a, Representative confocal image of mPFC–dPAG labelled neurons. b, Representative examples of reconstructed mPFC–NAc and mPFC–PAG neurons. c, Sholl analysis of mPFC–NAc (n = 4 cells) and mPFC–dPAG (n = 4 cells) subpopulations. d, Schematic of viral strategy to optically manipulate ChR2-expressing VTADA terminals in the mPFC and record from dPAG- and NAc-projectors retrogradely labelled with CTB using ex vivo electrophysiology. e, Representative images of a recorded mPFC–dPAG neuron (neurobiotin+ and CTB+) surrounded by ChR2–eYFP+ VTADA terminals. f, Representative traces of a mPFC–dPAG and mPFC–NAc neuron during a current step without (top) and with (bottom) optogenetic activation of VTADA terminals in the presence of type D2-type dopamine receptor blockade by bath-applied raclopride. g, The change in spike number with optical stimulation (ON–OFF) recorded from mPFC–dPAG (n = 5 cells) and mPFC–NAc neurons (n = 14 cells) in the presence of D2-receptor antagonism. h, The change in spike number with optical stimulation (ON–OFF) was different between mPFC–dPAG (n = 17 cells) and mPFC–NAc neurons (n = 24 cells) and was blocked by D2-receptor antagonism. One-way ANOVA, F3,56 = 5.343, P = 0.0026; Bonferroni multiple comparisons tests: dPAG vs NAc, *P = 0.0040; NAc vs NAc + raclopride, *P = 0.0034. i, Change in the number of spikes per step with optical stimulation (ON–OFF) for individual sweeps. mPFC–NAc neurons exhibited a more robust decrease in spike number during VTADA terminal stimulation during the first few sweeps, an effect that diminished in later sweeps. j, Representative traces showing firing elicited in mPFC–dPAG and mPFC–NAc neurons in response to current ramp with and without VTADA terminal stimulation (grey dashed line indicates time of first action potential without optical stimulation). Scale bars, 50 mV, 500 ms. k, Optical stimulation of VTADA terminals increased the current required to elicit an action potential (rheobase) in NAc projectors. The change in rheobase with optical stimulation (ON–OFF) was different between dPAG projectors (n = 5 cells) and NAc projectors (n = 9 cells). Two-tailed unpaired t-test, t12 = 2.669, P = 0.0205. l, m, Neither resting membrane potential (mPFC–dPAG, n = 16 cells; mPFC–NAc, n = 13 cells) (l) nor capacitance (m) differed between dPAG-projectors (n = 50 cells) and NAc-projectors (n = 27 cells). Resting membrane potential: two-tailed unpaired t-test, t27 = 0.6265, P = 0.5363; capacitance: two-tailed unpaired t-test, t75 = 0.8643, P = 0.3902. n, The current-voltage (IV) relationship of mPFC–dPAG (n = 16 cells) and mPFC–NAc (n = 13 cells) neurons obtained by applying a series of current steps in voltage-clamp mode. Two-way ANOVA, F12,324 = 10.16, P < 0.0001. o, The membrane resistance was significantly greater in NAc projectors (n = 27 cells) compared to dPAG projectors (n = 50 cells). Two-tailed unpaired t-test, t75 = 7.030, ***P < 0.0001. p, Representative traces showing action potential firing in mPFC–dPAG and mPFC–NAc neurons in response to a depolarizing current step. Scale bars, 50 mV, 500 ms. q, r, Instantaneous (I) (q) and steady-state (SS) (r) firing frequency in dPAG and NAc projectors in response to increasing current steps. s, Schematic of strategy for identifying dopamine type 1 receptor (D1) and dopamine type 2 receptor (D2) on mPFC-projector populations using transgenic mice (Drd1a-Cre (n = 3 mice) and Drd2-Cre (n = 3 mice)), retrograde labelling, and Cre-dependent eYFP recombination. t, u, Representative confocal images of NAc CTB injections sites (upper left), mPFC terminal fluorescence (lower left), and mPFC–NAc cell bodies (right) in a Drd1a-Cre::eYFP mouse (t) and Drd2-Cre::eYFP mouse (u). v, w, Representative confocal images of dPAG CTB injections sites (upper left), mPFC terminal fluorescence (lower left), and mPFC–dPAG cell bodies (right) in a Drd1a-Cre::eYFP mouse (v) and a Drd2-Cre::eYFP mouse (w). x, 5% of mPFC–dPAG CTB+ neurons were Drd1a+ (19/378), whereas 31.5% of mPFC–NAc CTB+ neurons were co-labelled as Drd1a+ (151/479) (D1 χ2 = 93.29, ***P < 0.0001). y, 27.6% of mPFC–dPAG CTB+ neurons were Drd2+ (74/342), whereas 86.3% of mPFC–NAc CTB+ neurons were co-labelled as Drd2+ (414/480) (D2 χ2 = 345.6, ***P < 0.0001). Error bars, shading, and ‘+’ represent s.e.m.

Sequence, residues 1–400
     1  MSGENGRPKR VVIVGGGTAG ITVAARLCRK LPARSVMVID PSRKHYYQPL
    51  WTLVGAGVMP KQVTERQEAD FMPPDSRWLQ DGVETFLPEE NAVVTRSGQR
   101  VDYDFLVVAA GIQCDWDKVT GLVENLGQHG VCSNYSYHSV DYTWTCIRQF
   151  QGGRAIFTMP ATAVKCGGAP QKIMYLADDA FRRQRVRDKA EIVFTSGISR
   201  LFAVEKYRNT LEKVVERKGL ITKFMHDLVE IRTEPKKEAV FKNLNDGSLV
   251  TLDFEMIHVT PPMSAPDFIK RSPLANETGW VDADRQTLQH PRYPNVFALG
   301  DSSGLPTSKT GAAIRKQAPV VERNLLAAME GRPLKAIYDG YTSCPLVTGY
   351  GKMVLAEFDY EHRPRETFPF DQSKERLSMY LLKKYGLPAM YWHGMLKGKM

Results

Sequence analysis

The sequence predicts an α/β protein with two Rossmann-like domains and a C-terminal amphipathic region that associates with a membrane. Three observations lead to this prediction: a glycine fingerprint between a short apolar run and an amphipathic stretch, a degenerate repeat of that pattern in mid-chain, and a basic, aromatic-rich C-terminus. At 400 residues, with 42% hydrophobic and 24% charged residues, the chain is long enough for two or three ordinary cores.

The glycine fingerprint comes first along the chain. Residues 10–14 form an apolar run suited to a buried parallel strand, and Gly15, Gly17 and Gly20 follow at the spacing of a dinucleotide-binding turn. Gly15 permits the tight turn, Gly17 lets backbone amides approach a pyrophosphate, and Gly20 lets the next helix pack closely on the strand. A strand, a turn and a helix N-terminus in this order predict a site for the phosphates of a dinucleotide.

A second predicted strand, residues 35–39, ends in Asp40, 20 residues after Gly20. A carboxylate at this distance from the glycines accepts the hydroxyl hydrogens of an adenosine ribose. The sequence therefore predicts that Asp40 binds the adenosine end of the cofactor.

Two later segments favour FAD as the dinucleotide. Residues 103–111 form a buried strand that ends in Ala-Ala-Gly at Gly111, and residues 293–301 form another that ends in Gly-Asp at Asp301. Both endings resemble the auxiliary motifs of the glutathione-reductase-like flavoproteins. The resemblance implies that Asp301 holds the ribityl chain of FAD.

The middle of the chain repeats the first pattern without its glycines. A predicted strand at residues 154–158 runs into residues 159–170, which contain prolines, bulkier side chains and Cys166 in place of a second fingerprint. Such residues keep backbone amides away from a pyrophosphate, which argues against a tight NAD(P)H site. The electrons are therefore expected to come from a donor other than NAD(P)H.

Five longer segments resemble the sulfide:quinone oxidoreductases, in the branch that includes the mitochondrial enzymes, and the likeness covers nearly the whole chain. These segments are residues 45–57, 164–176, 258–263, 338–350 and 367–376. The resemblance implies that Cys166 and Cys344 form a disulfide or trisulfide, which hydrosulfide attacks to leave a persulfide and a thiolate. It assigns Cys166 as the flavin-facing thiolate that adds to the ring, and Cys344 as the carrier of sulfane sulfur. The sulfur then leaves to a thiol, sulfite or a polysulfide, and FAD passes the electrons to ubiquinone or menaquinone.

8. Extended Data Fig. 8 Investigation of VTA projections to the dPAG for simultaneous epifluorescent imaging in mPFC–dPAG neurons and excitation of VTADA terminals.